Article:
Peninsula sees dueling missile launches from both Koreas
The Korean Peninsula was the site of dueling launches on Wednesday as North Korea fired two tactical ballistic missiles around mid-day, followed by South Korea testing a new submarine-launched ballistic missile (SLBM) later in the afternoon.
The North fired first on Wednesday, sending two ballistic missiles into the waters east of the Korean Peninsula around 12:38 p.m. and 12:43 p.m., according to the South's Joint Chiefs of Staff (JCS).
The JCS said the missiles flew a distance of approximately 800 kilometers (500 miles) while reaching an altitude of 60 kilometers (37 miles).
Less than three hours later, in the afternoon, South Korea followed with a scheduled submarine-launched ballistic missile (SLBM) test, according to the Defense Ministry.
In addition to the SLBM, the South tested two different types of missiles on Wednesday: a long-range air-to-surface missile and a supersonic anti-ship missile, according to military authorities.
These weapons are expected to serve as a deterrent to nuclear-armed North Korea. Even though the South is equipped with conventional — not nuclear — warheads, they enhance the country's capacity to retaliate or counter an attack.
Wednesday’s SLBM test follows on a previously successful test on Sept. 2, reports of which were not openly confirmed by military authorities at the time, which made South Korea the eighth country in the world to possess the weapon.
South Korea is also the first country without nuclear weapons to possess SLBMs, as the missile technology is typically paired with nuclear warheads and is widely considered vital to maintaining a military’s retaliatory strike capability.
Witnessed by President Moon Jae-in, the SLBM test took place on Wednesday off the coast of Taean, South Chungcheong, under the supervision of the Agency for Defense Development (ADD).
The SLBM was fired from the Navy submarine Dosan Ahn Chang-ho, as was the case two weeks prior, and took the form of a cold launch, in which the SLBM’s engine ignites after it is first pushed out of the water with air pressure, according to military officials.
“Our possession of an SLBM carries the significance of securing deterrence against omnidirectional threats, and we expect it to play a key role in building our self-defense capability and peace on the Korean Peninsula,” Moon said, according to Blue House spokeswoman Park Kyung-mee.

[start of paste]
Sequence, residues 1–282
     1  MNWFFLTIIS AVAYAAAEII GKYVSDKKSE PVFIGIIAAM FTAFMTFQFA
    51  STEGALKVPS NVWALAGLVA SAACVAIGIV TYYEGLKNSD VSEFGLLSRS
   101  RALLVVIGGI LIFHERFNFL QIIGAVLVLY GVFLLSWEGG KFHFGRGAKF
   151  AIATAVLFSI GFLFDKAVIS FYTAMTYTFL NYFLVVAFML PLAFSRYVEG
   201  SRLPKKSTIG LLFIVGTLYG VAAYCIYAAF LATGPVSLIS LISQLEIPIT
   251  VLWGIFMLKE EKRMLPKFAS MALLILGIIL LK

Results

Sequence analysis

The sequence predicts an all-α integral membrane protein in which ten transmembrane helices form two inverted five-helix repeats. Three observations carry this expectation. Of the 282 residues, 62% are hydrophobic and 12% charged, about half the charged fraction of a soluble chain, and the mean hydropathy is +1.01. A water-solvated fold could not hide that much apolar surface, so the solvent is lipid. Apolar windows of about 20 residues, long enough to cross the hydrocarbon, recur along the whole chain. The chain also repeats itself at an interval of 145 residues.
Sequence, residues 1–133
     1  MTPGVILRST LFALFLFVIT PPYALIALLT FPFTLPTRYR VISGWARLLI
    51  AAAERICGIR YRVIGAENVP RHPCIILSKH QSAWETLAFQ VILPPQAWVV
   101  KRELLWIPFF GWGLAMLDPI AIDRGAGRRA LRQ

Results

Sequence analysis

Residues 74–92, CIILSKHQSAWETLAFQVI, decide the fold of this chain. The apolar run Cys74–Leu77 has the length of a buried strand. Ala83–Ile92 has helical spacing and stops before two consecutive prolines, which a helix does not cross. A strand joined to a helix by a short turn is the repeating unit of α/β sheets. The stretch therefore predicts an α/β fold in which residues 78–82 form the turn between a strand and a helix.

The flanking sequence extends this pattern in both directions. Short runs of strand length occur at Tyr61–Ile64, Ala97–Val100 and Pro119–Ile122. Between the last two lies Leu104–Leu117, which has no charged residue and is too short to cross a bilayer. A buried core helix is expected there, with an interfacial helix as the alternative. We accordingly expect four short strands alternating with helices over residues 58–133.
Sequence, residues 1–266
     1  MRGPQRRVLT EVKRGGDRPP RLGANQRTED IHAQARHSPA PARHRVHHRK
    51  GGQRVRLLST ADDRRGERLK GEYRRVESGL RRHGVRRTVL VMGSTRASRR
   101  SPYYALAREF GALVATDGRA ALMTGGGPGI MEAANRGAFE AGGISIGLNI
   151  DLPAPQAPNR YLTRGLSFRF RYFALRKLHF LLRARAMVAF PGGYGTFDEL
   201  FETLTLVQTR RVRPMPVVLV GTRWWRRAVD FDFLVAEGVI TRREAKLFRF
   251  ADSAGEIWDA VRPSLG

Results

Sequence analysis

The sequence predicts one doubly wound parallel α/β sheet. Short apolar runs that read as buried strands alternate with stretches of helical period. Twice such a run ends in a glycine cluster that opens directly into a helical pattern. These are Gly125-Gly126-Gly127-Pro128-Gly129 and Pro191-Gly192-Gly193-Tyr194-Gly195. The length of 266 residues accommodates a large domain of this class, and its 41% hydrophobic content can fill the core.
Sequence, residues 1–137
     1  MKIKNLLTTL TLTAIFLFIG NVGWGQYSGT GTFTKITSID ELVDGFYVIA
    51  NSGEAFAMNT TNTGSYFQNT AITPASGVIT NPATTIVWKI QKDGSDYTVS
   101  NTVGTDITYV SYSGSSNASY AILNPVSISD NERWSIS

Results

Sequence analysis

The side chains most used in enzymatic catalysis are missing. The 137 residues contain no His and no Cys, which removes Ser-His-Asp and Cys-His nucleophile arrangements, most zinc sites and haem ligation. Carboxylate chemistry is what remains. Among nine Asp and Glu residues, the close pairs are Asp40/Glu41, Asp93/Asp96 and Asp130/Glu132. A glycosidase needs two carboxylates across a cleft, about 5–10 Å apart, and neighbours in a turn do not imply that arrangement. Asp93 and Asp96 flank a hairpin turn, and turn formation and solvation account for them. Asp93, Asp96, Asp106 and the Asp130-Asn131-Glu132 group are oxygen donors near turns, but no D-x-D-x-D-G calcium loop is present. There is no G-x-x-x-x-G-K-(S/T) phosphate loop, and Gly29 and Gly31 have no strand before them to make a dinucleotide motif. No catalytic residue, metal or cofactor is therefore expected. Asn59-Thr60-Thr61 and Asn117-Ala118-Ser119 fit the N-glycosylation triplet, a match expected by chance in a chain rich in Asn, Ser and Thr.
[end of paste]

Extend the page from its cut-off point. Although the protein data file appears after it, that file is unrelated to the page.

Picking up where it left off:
While denying that Wednesday’s SLBM test was in direct response to the North’s recent missile tests, Moon did say that the South’s SLBM “can be a clear deterrent to North Korea's provocations.”
“Through the success of various types of missile power launch tests today, we have shown that we have sufficient deterrence to respond to North Korea's provocations at any time,” Moon said.
He urged those working on the South’s missile development program to “continue to do [their] best to build strong defensive capabilities” so that the South “can overwhelm North Korea's asymmetric abilities,” in a reference to the North’s possession of nuclear weapons.
Under United Nations Security Council resolutions, the North is prohibited from testing ballistic missiles. Despite this, the reclusive regime most recently launched ballistic missiles in March 2021, although it conducted a cruise missile test just this past weekend which went unnoticed by South Korean and U.S. military authorities until the North’s state news agency announced it.
Seoul’s missile development program, long constrained by Cold War-era restrictions imposed by Washington, has picked up pace since Moon and U.S. President Joe Biden agreed to lift the missile constraints at their May summit.
The 40-year-old bilateral agreement limited the range and payload of South Korean missiles in exchange for U.S. technological support.
Meanwhile, North Korea’s ballistic missile test on Wednesday was the subject of outrage from the country’s neighbors, who condemned it as a violation of Security Council resolutions.
Japanese Prime Minister Yoshihide Suga called the North Korean launches “outrageous” and claimed they "threaten the peace and security of our country and region.”
While the U.S. military's Indo-Pacific Command in Hawaii said the North Korean ballistic missile test did not pose any “immediate threat,” it described the launch as highlighting “the destabilizing impact of the DPRK's illicit weapons program." DPRK is the acronym for the official name of North Korea, the Democratic People's Republic of Korea.
The ballistic missile tests by the North on Wednesday afternoon follow on the heels of the country’s cruise missile tests over the weekend.
Cruise missile tests are not technically banned under Security Council resolutions because most cruise missiles are not designed to carry nuclear warheads.
Modern cruise missiles are harder to detect and intercept because they are often self-navigating and able to fly on extremely low-altitude trajectories compared to ballistic missiles.
Cruise missiles are also often equipped with sensors to evade interception and active radar homing seekers to guide them to their targets, greatly enhancing their precision.
In contrast, ballistic missiles are powered only for a short portion of an arching flight path. Longer range ballistic missiles travel outside the atmosphere and are designed to carry heavier payloads such as nuclear warheads.
BY MICHAEL LEE [email@example.com]